The board of directors in the Coop has the ability to determine what financing is allowed for purchases. The minimum down payment is typically 20% or 25%; however this can vary depending on the building. The board also reviews the purchasing application and subleasing can sometimes be difficult in a Coop building. Different from the Condo board, the Coop board can reject the buyer or the tenant, and the owner will have to start the sales process or a search for a tenant again if this happens.
NYC Apartments Year Built - Condo vs. Coop
3. Real Estate Professionals
A real estate transaction in Manhattan typically involves real estate agents and lawyers representing the buyer and seller. If you are taking a mortgage, then there will be a mortgage lender and an appraiser. You may also want to consider a tax specialist to handle the tax structure after purchase the property.
Real Estate Agents
A good real estate agent can guide you through every step of the process and assist you on a smooth closing, not merely provide access to view. In New York, all agents, through the Real Estate Board of New York (REBNY), have access to the entire inventory of properties for sale. In addition, the seller is represented by one agent through the exclusive agreement; therefore, it is not recommended for a buyer to use multiple agents since it only creates confusion. In Manhattan, agent fees are typically incorporated in the asking price. When the seller’s agent agrees to list a property for sale, a certain percentage is agreed upon as commission and the seller’s agent will coordinate on all property showings and assist the seller throughout the transaction. If you are represented by an agent, this pre-negotiated commission would be split between you and the seller’s agents. If you do not have an agent, then the seller’s agent keeps the entire pre-negotiated commission. Hence, it is in your best interest to have agent representation to help you through the process and negotiate the best price.
Real Estate Attorney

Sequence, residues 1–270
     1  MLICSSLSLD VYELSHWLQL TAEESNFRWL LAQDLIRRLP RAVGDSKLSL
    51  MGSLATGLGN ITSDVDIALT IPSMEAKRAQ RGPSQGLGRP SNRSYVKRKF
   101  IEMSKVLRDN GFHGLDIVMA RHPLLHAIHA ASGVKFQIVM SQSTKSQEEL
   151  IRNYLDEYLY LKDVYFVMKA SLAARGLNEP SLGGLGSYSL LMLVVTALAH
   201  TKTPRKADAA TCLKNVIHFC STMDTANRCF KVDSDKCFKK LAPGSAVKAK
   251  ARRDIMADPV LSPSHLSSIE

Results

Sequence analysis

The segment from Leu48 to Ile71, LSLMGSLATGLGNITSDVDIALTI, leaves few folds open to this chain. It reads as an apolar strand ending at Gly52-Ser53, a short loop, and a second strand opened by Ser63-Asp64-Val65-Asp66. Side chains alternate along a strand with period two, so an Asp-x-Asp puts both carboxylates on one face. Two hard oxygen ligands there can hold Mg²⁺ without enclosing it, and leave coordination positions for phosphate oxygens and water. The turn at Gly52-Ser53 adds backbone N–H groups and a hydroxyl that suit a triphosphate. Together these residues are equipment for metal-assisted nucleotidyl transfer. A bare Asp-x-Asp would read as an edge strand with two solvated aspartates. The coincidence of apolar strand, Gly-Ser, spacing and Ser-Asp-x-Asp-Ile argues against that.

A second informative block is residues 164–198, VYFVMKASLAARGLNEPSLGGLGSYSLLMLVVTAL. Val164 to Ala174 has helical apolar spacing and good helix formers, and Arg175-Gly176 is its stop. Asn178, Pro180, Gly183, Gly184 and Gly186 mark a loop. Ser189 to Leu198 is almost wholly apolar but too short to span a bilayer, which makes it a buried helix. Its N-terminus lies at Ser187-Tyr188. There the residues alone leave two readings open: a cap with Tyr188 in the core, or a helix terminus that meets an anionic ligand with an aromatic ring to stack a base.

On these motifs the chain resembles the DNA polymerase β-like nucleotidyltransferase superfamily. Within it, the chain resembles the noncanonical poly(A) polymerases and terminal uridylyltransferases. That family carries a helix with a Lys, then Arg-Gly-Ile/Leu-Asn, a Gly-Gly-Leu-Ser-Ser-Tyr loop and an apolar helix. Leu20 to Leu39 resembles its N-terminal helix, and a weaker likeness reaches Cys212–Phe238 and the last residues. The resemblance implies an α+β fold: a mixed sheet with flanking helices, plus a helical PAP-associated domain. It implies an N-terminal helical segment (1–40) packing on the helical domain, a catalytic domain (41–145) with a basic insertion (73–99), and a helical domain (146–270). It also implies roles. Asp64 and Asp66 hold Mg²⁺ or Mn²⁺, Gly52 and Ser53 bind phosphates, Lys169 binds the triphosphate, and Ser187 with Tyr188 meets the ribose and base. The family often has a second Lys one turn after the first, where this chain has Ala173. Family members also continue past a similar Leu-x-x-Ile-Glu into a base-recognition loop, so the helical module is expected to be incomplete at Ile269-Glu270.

In New York City, there are always real estate attorneys representing buyer and seller in a transaction from the very beginning of the process. When an offer is accepted, the seller’s attorney will contact your attorney on the terms of the contract, and your attorney will begin to conduct due diligence on the property. You would typically need to deliver 10% of the purchase price as deposit to be held in an escrow account. The attorney will also coordinate the closing with various parties.
If you are considering taking a mortgage, a brief conversation with a mortgage broker or banker before you start searching for the property will likely clarify your borrowing power. The mortgage professional will verify your income, assets, liabilities, and perform a credit check. Once your liquid assets and borrowing potential are determined, a pre-approval letter can be issued. Many sellers will request to see the pre-approval letter from the bank or proof of fund when reviewing the offers.
4. The Process Step by Step
The timing for the entire purchase process – from the day you identify the right apartment to closing varies greatly, but you should reasonably expect it to take between 1 - 3 months if it is a cash purchase and 3 - 5 months if financing is involved. Below is a summary of the purchase process.
1. Retain real estate professionals (1 to 3 days)
Identify a Real Estate Broker to assist you in the process, and speak with a mortgage specialist and get pre-approval
2. Identify the Property (varies)
The length of your apartment search will vary depending on what you are looking for, what may be available at any given time, and your personal purchasing style. I will identify listings, schedule your viewing appointments, and coordinate open house tours.
3. Negotiating for the Apartment (2 days to 2 weeks)